This article is coauthored by Joy Rimchala and Shir Meir Lador. Rapid adoption of complex machine learning (ML) models in recent years has brought with it a new challenge for today's companies: how to interpret, understand, and explain the reasoning behind these complex models' predictions. Treating complex ML systems as trustworthy black boxes without sanity checking has led to some disastrous outcomes, as evidenced by recent disclosures of gender and racial biases in GenderShades¹. As ML-assisted predictions integrate more deeply into high-stakes decision-making, such as medical diagnoses, recidivism risk prediction, loan approval processes, etc., knowing the root causes of an ML prediction becomes crucial. If we know that certain model predictions reflect bias and are not aligned with our best knowledge and societal values (such as an equal opportunity policy or outcome equity), we can detect these undesirable ML defects, prevent the deployment of such ML systems, and correct model defects.
Works with experienced team members to conduct root cause analysis of issues, review new and existing code and/or perform unit testing. Learns to create system documentation/play books and attends requirements, design and code reviews. Identifies ideas to improve system performance and impact availability. Creates system documentation/play book(s) and participates as a reviewer and contributor in requirements, design and code reviews. May serve as the subject matter expert on development techniques.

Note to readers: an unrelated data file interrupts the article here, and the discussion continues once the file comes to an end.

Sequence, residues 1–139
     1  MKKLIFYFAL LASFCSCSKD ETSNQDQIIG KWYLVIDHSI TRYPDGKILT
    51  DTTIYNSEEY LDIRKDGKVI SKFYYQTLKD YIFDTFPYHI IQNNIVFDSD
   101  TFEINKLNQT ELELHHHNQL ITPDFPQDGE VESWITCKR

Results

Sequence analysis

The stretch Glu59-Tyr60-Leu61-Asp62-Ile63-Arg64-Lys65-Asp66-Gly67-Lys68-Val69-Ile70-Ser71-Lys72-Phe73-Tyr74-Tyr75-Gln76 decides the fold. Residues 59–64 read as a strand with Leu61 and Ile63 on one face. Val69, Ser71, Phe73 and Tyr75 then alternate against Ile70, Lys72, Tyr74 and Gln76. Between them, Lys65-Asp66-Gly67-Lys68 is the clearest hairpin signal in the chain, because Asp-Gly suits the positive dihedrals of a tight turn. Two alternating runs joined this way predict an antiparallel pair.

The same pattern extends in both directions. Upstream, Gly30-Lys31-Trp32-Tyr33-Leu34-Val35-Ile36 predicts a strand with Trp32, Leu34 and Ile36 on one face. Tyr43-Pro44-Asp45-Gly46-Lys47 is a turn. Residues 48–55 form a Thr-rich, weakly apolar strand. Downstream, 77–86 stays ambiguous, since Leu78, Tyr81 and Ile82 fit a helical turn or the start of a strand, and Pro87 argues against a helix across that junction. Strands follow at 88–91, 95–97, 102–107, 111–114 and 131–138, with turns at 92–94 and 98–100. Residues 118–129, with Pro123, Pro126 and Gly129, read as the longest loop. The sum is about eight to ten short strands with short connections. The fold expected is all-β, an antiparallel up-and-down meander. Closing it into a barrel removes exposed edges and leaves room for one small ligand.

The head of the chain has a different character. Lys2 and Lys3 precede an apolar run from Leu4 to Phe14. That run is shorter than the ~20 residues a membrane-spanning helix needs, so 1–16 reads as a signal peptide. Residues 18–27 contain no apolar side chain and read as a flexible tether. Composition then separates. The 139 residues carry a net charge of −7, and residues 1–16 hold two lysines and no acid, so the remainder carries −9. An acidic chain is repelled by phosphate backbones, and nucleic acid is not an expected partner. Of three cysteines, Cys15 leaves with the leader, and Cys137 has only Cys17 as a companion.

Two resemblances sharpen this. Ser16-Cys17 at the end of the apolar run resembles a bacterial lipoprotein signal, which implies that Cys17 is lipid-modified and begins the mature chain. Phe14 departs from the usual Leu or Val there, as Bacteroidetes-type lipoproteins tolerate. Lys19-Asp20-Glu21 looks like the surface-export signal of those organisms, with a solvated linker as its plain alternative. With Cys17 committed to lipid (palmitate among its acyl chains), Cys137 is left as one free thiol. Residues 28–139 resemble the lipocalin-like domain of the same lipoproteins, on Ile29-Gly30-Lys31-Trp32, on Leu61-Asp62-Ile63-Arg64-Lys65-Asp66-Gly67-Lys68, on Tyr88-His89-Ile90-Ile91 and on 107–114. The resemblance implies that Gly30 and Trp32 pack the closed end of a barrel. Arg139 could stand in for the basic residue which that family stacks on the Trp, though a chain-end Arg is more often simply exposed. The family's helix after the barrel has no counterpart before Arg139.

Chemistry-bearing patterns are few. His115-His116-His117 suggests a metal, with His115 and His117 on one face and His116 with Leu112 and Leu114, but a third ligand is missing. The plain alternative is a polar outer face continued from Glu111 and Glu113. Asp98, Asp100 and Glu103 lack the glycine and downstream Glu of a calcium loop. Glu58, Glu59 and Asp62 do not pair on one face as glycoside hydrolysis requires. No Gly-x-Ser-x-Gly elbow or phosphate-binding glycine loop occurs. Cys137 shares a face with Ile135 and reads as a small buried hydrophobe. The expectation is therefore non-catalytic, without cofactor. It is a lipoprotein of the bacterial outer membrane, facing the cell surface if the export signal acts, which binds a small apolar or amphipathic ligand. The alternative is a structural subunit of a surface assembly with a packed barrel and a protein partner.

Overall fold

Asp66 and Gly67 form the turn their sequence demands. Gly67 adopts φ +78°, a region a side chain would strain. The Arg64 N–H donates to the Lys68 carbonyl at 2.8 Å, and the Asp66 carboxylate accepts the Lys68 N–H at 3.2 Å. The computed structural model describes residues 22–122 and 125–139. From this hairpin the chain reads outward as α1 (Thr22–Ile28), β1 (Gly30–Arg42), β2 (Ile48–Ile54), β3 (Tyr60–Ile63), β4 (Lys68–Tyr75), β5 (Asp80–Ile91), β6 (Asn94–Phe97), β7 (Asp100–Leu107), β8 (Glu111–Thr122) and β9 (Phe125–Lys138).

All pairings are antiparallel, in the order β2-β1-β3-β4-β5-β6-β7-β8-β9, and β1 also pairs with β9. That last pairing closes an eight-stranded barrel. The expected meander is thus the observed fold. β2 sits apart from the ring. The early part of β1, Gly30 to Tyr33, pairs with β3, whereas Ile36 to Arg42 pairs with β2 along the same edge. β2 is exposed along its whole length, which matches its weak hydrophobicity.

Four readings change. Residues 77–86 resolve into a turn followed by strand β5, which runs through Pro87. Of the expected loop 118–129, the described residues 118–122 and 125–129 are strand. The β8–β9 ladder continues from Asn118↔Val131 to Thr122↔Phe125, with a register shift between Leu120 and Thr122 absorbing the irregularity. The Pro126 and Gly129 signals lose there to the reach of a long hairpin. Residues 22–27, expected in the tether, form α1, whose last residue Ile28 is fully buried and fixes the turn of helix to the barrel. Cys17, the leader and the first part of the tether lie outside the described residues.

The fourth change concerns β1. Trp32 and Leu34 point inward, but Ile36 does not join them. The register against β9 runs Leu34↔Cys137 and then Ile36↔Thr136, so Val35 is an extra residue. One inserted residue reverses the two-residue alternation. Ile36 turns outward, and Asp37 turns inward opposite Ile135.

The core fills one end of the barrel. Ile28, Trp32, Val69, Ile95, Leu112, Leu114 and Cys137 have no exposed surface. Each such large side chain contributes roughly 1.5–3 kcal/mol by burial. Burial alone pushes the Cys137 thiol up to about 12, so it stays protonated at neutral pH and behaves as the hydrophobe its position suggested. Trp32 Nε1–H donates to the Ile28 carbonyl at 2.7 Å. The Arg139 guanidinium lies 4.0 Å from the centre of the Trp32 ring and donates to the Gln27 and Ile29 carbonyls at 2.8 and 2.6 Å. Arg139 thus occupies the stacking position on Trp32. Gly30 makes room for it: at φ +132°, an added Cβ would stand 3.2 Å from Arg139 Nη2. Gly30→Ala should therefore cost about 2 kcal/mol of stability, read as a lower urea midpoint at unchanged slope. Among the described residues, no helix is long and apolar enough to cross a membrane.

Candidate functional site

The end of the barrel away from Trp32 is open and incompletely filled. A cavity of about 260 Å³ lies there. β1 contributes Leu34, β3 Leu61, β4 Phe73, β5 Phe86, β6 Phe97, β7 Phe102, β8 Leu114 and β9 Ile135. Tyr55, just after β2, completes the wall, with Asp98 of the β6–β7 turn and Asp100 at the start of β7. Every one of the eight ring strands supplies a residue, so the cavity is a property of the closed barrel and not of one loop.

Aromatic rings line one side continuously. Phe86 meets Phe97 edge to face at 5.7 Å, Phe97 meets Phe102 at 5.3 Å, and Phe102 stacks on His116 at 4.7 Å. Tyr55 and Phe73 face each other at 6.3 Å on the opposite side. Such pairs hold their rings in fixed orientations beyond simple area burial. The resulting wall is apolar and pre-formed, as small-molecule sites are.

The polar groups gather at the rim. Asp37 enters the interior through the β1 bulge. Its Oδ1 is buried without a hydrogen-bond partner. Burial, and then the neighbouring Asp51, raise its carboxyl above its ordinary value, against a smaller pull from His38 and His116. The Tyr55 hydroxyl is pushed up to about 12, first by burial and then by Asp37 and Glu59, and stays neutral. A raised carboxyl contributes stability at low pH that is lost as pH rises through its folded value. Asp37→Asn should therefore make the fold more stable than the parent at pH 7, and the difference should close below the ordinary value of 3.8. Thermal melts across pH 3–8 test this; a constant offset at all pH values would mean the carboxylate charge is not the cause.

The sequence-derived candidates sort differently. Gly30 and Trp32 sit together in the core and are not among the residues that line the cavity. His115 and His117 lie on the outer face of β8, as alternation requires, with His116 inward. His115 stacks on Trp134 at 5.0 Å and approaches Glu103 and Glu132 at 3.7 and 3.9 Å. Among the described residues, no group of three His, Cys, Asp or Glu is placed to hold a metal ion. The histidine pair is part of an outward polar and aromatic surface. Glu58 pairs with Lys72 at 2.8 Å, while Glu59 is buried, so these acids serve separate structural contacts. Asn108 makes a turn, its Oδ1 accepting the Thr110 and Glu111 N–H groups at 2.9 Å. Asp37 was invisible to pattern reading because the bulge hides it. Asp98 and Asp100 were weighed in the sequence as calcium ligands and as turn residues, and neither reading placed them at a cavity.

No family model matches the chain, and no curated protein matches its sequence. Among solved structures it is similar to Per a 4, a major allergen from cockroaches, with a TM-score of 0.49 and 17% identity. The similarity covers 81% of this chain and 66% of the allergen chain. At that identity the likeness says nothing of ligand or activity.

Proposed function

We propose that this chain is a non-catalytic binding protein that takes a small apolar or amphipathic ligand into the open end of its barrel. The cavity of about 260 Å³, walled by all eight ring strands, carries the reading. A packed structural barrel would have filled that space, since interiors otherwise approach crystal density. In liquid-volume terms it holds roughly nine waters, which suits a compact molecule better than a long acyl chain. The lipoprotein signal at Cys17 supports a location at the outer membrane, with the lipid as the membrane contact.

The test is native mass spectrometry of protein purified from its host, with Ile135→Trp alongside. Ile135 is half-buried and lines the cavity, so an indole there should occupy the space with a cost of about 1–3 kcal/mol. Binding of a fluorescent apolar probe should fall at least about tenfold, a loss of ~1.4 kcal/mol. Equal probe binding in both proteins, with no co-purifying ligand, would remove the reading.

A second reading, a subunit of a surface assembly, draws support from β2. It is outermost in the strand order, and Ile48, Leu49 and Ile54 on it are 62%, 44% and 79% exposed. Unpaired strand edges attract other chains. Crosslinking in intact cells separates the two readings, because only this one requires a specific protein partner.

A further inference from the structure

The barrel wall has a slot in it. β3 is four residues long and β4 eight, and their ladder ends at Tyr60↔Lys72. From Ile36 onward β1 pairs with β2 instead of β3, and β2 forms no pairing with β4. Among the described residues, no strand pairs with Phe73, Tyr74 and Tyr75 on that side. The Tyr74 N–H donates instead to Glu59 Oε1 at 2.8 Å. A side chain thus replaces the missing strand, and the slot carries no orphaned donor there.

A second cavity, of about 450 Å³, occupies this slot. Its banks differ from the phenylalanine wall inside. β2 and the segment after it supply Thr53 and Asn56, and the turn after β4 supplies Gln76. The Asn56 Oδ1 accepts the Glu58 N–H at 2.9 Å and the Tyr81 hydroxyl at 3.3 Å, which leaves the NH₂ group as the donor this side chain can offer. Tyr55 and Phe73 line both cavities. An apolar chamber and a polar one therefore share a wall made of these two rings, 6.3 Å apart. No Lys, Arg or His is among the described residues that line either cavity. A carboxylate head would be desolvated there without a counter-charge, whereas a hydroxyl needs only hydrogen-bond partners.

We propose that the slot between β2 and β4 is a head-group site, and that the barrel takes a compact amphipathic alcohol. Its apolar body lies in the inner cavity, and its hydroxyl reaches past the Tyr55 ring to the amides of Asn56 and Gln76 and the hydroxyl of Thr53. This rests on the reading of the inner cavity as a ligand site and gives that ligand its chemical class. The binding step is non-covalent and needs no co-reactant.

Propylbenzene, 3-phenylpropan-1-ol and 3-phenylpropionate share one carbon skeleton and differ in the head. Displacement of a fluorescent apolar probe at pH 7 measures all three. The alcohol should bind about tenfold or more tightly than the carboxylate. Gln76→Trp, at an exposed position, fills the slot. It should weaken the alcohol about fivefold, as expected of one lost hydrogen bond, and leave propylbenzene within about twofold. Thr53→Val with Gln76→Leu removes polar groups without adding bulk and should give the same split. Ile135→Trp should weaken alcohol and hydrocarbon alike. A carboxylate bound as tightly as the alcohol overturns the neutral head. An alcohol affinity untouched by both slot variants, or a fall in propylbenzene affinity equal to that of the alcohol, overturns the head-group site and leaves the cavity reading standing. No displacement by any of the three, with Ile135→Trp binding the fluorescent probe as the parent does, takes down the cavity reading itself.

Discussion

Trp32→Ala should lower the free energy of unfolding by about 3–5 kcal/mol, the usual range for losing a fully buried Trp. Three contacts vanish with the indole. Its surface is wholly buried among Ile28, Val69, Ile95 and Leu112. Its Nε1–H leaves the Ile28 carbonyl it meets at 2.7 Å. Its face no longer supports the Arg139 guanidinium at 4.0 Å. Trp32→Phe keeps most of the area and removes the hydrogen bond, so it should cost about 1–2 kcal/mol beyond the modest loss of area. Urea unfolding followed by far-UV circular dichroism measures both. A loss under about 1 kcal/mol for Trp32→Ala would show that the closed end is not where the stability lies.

IoT is giving people the latest experience of "the future is here." How far away are we from a practical, daily IoT experience that touches the majority of Americans? What form will that take (how will we know it's here?) What are the practical, daily experiences people will encounter first, and how will their lives be improved? How will a technological mesh of AI, platforms, voice-driven software and hardware free people up to be better related and connected?
The increased adoption of artificial intelligence (AI) at work is changing the relationship between employees and managers. More than half (64%) of employees said they trust a robot more than their manager, with half turning to a robot instead of a supervisor for advice, an Oracle and Future Workplace report found.